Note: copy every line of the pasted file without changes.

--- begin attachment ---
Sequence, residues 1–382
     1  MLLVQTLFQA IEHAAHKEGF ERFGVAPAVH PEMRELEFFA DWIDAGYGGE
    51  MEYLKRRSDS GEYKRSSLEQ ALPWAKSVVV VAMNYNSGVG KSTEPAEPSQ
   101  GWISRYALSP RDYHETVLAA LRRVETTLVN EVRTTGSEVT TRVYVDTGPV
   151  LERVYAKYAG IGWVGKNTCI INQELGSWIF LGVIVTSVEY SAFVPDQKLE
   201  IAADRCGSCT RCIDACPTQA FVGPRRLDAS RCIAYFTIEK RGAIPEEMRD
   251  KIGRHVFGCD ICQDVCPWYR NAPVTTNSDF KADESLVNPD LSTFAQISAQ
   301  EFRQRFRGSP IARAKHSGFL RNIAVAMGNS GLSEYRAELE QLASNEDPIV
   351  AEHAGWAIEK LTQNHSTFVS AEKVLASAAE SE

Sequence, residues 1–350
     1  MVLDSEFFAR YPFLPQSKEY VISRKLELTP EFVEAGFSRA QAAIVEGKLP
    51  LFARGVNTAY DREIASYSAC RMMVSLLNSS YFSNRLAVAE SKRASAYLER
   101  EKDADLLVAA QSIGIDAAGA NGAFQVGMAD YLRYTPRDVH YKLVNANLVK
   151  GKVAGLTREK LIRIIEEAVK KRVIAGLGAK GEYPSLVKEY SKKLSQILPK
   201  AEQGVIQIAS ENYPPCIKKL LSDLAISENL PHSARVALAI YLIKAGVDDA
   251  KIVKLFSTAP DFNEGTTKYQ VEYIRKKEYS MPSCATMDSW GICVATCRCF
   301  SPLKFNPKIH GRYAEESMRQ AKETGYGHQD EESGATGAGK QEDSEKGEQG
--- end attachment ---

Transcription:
Sequence, residues 1–382
     1  MLLVQTLFQA IEHAAHKEGF ERFGVAPAVH PEMRELEFFA DWIDAGYGGE
    51  MEYLKRRSDS GEYKRSSLEQ ALPWAKSVVV VAMNYNSGVG KSTEPAEPSQ
   101  GWISRYALSP RDYHETVLAA LRRVETTLVN EVRTTGSEVT TRVYVDTGPV
   151  LERVYAKYAG IGWVGKNTCI INQELGSWIF LGVIVTSVEY SAFVPDQKLE
   201  IAADRCGSCT RCIDACPTQA FVGPRRLDAS RCIAYFTIEK RGAIPEEMRD
   251  KIGRHVFGCD ICQDVCPWYR NAPVTTNSDF KADESLVNPD LSTFAQISAQ
   301  EFRQRFRGSP IARAKHSGFL RNIAVAMGNS GLSEYRAELE QLASNEDPIV
   351  AEHAGWAIEK LTQNHSTFVS AEKVLASAAE SE

Sequence, residues 1–350
     1  MVLDSEFFAR YPFLPQSKEY VISRKLELTP EFVEAGFSRA QAAIVEGKLP
    51  LFARGVNTAY DREIASYSAC RMMVSLLNSS YFSNRLAVAE SKRASAYLER
   101  EKDADLLVAA QSIGIDAAGA NGAFQVGMAD YLRYTPRDVH YKLVNANLVK
   151  GKVAGLTREK LIRIIEEAVK KRVIAGLGAK GEYPSLVKEY SKKLSQILPK
   201  AEQGVIQIAS ENYPPCIKKL LSDLAISENL PHSARVALAI YLIKAGVDDA
   251  KIVKLFSTAP DFNEGTTKYQ VEYIRKKEYS MPSCATMDSW GICVATCRCF
   301  SPLKFNPKIH GRYAEESMRQ AKETGYGHQD EESGATGAGK QEDSEKGEQG